Most of the time I feel invisible.
There are dozens of hours of video of me out there. My quilts and Net.Art pieces have been in exhibitions around the country and the world. My books reside on shelves far and wide. My words have been disseminated in print and online across the globe. Yet, more often than not, I feel profoundly invisible.
That is the nature of having a chronic illness that others rarely see, that does not register on the spectrum of the visually manifest. It is essentially unseen (except, unfortunately, by my family). It affects every cell of my body, and has over the years twisted my minds into profoundly dangerous positions, but to the rest of the world I am well, typical, exactly as my surface would appear. The fact that that is not me, is not the case, leaves me to feel invisible even in my most visible moments.
And invisibility is another form of solitude, but one played out even in the midst of the ordinary world. Its confinement is not physical, but psychological. I leaves me, and so many others like me, at a perpetual remove, watching the world rather than plainly in the world. It is the invisibility of feeling irrevocably a step apart.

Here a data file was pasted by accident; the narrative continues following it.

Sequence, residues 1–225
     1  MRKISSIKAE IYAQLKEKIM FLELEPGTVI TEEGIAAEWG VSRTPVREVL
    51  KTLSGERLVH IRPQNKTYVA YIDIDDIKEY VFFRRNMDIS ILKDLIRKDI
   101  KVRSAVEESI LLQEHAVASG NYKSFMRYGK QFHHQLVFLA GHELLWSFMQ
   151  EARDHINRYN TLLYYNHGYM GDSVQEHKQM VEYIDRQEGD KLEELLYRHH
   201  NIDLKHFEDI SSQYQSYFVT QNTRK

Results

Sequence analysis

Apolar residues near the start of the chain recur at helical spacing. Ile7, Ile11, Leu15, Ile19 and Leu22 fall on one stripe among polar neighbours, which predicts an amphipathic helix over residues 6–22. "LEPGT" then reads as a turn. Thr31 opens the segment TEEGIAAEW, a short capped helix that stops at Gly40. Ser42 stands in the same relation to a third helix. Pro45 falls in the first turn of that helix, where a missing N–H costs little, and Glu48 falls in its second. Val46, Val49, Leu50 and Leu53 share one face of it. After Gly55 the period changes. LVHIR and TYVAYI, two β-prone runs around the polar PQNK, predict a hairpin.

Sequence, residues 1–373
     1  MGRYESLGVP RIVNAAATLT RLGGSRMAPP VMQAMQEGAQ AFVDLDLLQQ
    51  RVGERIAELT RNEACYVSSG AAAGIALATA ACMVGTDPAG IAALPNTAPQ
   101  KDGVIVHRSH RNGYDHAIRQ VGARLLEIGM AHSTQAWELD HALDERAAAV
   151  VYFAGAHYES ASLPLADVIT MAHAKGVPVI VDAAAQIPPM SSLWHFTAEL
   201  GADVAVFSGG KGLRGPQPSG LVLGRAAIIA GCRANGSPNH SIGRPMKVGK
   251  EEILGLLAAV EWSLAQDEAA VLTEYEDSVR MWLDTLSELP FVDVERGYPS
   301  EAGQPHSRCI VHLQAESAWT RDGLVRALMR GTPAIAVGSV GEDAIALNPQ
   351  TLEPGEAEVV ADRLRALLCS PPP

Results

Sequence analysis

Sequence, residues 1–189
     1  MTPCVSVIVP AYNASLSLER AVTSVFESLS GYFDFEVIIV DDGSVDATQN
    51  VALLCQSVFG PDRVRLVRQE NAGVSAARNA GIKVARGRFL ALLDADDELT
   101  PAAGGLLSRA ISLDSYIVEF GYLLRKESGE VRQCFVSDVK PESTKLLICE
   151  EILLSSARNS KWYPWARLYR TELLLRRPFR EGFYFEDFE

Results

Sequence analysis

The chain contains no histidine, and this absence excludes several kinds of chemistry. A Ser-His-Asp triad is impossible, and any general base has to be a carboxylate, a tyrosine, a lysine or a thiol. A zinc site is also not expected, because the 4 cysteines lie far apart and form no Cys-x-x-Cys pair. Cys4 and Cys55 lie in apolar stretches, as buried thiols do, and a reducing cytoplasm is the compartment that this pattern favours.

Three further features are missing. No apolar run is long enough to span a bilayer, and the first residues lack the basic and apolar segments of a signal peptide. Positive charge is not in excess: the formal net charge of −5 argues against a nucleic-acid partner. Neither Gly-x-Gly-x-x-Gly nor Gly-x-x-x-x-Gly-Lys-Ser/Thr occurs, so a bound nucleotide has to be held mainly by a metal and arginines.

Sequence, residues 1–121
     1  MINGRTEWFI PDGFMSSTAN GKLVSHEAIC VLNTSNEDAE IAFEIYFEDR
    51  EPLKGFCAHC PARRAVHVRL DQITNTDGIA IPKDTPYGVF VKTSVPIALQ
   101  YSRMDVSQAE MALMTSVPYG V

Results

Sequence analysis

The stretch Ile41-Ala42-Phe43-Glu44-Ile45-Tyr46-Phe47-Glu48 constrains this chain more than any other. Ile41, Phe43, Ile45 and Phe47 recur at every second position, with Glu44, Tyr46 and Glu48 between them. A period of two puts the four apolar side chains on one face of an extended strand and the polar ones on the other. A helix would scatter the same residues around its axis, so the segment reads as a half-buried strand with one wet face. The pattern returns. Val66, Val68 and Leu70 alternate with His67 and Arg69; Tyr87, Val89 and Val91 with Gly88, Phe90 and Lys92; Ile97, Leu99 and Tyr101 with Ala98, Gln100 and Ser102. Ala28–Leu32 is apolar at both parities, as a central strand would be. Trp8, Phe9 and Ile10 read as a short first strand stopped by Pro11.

We all have our burdens. I would never compare mine to anyone else’s. Each and every one of our struggles is tragic; there is no scale of legitimacy. That is the nature of trauma; it is always real, intense, and individual. I don’t write of my struggles with my body (and mind) to elicit empathy (or pity), but to explain, perhaps just for myself. The words I write are a means to making sense of the life I live.
While I am grateful for the many blessings (a term I use without religious connotation) in my life, no amount of good can cover up or erase trauma. It is a scar, a wound (more often than not perpetually open) that exists and is carried independent of the rest of a life. My wife, my children, no matter how much I love them (and they, me) can never eradicate the reality of and psychological effect of my illness; the extraordinary good of them can never truly touch the existential centrality of pain, of radical difference, of brokenness. Clearly they are a balm, but being soothed is not the same things as being repaired.
And that is the ultimate truth of this invisibility; even they cannot truly see me because they can only access the after-effects of my core condition, the ripples my illness creates rather than the stone it is in the pond of my being.
And there is my truth: it is impossible to see me. My difference is played out at the microscopic level, with mast cells and ion channels, yet I must inevitably reside on this macroscopic plane, a place where who and what I am will remain forever invisible…